And we know that the Son of God has come and has given us understanding, so that we may know him who is true; and we are in him who is true, in his Son Jesus Christ. He is the true God and eternal life. Little children, keep yourselves from idols. (1   John 5:20-21 ESV)

Grace and Peace,

Pastor Demer

How do we know God is real? Part 1

imagesIn the past few months pastoring here at Petersburg Bible Church, I have received a number of outstanding questions from folks in our congregation.  Since a lot of these questions are things that may be on the minds of others, I will occasionally share these questions with you and my responses.  I don’t claim to have all the answers but I hope that as we wrestle with these things together, God will grant us insight and wisdom as we turn to Him and the Scriptures for help.

Well, we might as well go big with our first question.  How do we know God is real?

There are three ways we can know God is real.   And I’ll tackle the first in this post and look at the other two in future posts.  The three ways we know God is real is through Creation, Conscience, and Christ.

Let’s start with the evidence of God in Creation.  What do I mean by this?  Well, how about if I just quote the Psalmist who explains it with far more eloquence than I.

imagesThe heavens declare the glory of God, and the sky above proclaims his handiwork. Day to day pours out speech, and night to night reveals knowledge. There is no speech, nor are there words, whose voice is not heard. Their voice goes out through all the earth, and their words to the end of the world. (Psalm 19:1-4 ESV)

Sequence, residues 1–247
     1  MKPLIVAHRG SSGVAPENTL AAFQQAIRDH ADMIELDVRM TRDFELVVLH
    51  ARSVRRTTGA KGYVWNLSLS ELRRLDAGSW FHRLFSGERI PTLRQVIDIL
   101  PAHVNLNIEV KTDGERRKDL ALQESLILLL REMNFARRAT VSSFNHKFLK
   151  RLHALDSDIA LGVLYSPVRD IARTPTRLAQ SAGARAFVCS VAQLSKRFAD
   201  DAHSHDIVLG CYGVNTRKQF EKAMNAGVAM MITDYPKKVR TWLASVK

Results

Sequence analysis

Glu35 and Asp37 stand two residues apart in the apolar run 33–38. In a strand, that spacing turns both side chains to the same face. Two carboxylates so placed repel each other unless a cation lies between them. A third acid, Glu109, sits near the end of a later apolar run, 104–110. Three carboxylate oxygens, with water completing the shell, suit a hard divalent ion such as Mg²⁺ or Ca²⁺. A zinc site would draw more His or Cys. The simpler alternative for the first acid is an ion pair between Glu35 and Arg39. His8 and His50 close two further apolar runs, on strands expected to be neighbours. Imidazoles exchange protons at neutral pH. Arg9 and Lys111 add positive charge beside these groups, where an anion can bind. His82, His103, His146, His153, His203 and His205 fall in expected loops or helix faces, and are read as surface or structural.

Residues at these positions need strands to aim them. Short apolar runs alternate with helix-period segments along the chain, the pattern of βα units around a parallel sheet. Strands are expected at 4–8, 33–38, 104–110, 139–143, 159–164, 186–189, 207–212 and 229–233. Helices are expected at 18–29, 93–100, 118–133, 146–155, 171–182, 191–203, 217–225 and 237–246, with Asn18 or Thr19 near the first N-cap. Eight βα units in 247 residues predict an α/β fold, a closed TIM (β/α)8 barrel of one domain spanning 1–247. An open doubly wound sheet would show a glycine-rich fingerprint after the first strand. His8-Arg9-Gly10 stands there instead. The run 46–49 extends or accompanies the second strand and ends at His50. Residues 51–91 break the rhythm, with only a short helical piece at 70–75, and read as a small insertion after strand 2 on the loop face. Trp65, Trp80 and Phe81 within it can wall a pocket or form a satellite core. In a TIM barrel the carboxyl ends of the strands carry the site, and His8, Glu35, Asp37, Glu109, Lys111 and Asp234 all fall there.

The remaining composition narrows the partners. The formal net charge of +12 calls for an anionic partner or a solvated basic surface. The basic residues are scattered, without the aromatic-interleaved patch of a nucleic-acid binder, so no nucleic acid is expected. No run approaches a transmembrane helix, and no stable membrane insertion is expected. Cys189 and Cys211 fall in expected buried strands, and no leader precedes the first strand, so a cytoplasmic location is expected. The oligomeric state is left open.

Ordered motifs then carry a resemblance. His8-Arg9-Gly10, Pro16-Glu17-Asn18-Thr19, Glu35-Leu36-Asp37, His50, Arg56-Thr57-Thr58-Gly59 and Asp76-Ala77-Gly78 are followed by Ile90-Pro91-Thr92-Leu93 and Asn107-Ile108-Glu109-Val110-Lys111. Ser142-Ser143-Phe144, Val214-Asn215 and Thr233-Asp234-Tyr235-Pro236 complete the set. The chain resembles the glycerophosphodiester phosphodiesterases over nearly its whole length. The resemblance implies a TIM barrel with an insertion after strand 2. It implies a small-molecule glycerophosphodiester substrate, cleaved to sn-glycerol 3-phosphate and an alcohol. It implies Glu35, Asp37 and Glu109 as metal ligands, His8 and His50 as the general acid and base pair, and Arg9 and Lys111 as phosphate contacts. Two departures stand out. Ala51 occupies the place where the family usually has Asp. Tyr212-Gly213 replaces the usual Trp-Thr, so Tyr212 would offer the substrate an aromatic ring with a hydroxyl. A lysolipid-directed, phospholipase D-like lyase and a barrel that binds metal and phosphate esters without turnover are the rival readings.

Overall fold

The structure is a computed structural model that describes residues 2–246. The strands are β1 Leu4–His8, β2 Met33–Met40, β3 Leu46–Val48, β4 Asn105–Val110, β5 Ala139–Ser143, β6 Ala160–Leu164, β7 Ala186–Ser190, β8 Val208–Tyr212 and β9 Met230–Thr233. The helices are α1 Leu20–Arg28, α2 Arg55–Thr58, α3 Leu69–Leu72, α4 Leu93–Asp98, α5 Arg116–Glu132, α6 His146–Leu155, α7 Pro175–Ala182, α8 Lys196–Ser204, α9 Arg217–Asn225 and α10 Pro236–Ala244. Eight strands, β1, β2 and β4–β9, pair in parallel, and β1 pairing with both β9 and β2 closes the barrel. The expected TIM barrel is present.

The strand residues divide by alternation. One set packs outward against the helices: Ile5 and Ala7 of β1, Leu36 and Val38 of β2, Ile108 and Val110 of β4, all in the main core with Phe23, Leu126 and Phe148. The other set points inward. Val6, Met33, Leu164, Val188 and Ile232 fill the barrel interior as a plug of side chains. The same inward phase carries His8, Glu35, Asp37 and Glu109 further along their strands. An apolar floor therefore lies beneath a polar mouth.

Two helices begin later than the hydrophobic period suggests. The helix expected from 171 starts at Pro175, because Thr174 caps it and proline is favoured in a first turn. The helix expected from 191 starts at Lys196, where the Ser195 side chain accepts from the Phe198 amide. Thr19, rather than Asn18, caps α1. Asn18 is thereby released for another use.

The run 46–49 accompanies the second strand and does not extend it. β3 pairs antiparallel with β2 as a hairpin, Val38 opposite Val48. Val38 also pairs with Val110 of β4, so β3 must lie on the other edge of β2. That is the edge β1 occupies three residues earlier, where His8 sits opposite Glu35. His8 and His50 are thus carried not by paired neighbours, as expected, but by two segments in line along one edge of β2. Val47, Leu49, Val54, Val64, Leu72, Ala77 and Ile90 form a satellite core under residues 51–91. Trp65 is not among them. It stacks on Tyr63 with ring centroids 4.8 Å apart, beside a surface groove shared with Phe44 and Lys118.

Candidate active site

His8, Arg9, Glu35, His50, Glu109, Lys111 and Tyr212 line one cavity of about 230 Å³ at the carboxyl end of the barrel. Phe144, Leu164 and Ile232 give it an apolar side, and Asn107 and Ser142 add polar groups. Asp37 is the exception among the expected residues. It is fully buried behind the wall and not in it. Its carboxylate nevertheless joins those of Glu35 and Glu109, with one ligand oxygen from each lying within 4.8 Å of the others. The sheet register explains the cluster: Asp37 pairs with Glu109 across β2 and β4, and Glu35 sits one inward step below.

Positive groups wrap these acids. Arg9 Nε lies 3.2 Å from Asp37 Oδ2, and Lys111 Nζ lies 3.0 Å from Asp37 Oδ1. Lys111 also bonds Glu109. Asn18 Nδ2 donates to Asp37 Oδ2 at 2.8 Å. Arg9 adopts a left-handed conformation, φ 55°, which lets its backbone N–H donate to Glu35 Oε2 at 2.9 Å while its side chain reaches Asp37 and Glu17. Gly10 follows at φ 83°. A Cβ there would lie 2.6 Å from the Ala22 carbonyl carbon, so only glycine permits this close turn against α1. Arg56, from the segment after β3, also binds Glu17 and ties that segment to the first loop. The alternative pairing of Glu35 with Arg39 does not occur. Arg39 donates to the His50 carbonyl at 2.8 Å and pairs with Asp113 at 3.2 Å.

Nature itself testifies to the fact that God is real.  Scripture goes as far to say that not only does the world around us point to the existence of God, but that it’s actually pretty obvious that He’s real.  Paul, writing about people who deny God, says the following:

For the wrath of God is revealed from heaven against all ungodliness and unrighteousness of men, who by their unrighteousness suppress the truth. For what can be known about God is plain to them, because God has shown it to them. For his invisible attributes, namely, his eternal power and divine nature, have been clearly perceived, ever since the creation of the world, in the things that have been made. So they are without excuse.(Romans 1:18-20 ESV)

Paul is saying that man intuitively knows God is real. There is ample evidence in nature that points to a Creator.  The Scripture says there are things about God that are made “plain” to us in “the things that have been made.”

imagesThrough the amazing wonder of the universe, our own planet, our own bodies, and more, God’s “eternal power” and “divine nature” can be “clearly perceived.”  When you consider the vastness of our universe, it tells us that God is powerful.  When you see the beauty of creation, it tells us that God is beautiful.  Creation tells us that God is artistic, that He is a God of order, and that He is bigger than we can imagine.  As you ponder the complexity of the human eye you can see what an incredible and detailed engineer the Creator is.  Consider the digital code that is embedded in the DNA molecule.  This code directs the construction of all the little machinery the cell needs to stay alive.  This speaks to the awesome, advanced intelligence of the One who made it all.  When we are in awe of the glories of creation, it tells us that God is glorious.